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Reading Brains


patient wearing cap with electrodes

A patient wears a cap studded with electrodes during a demonstration of a noninvasive brain-machine interface by the Swiss Federal Institute of Technology of Lausanne in January 2013.

Credit: Fabrice Coffrini / AFP / Getty Images

Mind reading has traditionally been the domain of mystics and science fiction writers. Increasingly, however, it is becoming the province of serious science.

A new study from the laboratory of Marcel van Gerven of Radboud University Nijmegen in the Netherlands demonstrates it is possible to figure out what people are looking at by scanning their brains. When volunteers looked at handwritten letters, a computer model was able to produce fuzzy images of the letters they were seeing, based only on the volunteers' brain activity.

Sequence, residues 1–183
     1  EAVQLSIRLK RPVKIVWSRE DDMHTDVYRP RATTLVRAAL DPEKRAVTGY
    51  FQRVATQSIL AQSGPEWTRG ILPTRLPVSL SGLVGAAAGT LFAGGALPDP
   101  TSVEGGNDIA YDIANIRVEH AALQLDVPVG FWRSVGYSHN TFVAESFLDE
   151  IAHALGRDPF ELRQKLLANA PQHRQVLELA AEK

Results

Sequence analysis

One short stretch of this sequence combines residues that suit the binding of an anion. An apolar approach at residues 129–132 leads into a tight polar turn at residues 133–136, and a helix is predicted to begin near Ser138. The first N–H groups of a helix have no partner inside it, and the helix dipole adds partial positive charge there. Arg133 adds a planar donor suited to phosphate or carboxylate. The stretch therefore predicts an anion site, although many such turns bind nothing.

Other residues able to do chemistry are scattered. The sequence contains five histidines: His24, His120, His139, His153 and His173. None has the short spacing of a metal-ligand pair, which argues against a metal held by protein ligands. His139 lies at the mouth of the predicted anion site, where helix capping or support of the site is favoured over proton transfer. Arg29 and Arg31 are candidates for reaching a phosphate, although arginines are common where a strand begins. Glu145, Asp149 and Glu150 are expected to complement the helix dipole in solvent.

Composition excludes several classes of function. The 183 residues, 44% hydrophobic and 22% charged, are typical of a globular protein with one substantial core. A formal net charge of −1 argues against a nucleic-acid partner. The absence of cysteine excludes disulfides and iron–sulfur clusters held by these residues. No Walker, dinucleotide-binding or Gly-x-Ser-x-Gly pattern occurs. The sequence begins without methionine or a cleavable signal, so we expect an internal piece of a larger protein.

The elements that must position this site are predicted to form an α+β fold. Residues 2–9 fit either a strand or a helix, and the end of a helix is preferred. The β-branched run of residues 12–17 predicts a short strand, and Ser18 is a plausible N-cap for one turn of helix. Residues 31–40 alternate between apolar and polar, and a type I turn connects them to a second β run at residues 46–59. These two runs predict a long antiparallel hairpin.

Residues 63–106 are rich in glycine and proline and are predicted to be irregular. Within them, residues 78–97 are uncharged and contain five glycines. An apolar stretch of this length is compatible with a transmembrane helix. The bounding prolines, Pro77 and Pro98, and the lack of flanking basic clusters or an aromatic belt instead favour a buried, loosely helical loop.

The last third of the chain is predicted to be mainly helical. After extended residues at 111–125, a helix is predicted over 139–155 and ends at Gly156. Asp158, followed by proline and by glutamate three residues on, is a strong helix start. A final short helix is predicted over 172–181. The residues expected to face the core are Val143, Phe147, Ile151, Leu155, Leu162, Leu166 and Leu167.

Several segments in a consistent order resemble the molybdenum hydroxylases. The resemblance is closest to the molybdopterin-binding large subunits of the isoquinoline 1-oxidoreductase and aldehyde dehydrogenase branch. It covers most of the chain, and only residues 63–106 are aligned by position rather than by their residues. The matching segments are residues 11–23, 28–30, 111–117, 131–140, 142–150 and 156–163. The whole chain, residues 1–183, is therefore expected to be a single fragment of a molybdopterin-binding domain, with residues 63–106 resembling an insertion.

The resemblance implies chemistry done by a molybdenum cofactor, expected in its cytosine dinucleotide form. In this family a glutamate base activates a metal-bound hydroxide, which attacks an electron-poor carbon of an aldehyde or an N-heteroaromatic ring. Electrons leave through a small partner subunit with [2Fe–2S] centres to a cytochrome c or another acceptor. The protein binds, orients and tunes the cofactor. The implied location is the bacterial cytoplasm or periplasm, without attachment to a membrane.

The new work—which builds on an earlier mathematical model by Bertrand Thirion of the Institute for Research in Computer Science and Control in Gif-sur-Yvette, France—establishes a simple, elegant brain-decoding algorithm, says Jack Gallant, a neuroscientist at the University of California, Berkeley. Such decoding algorithms eventually could be used to create more sophisticated brain-machine interfaces, he says, to allow neurologically impaired people to manipulate computers and machinery with their thoughts.


 

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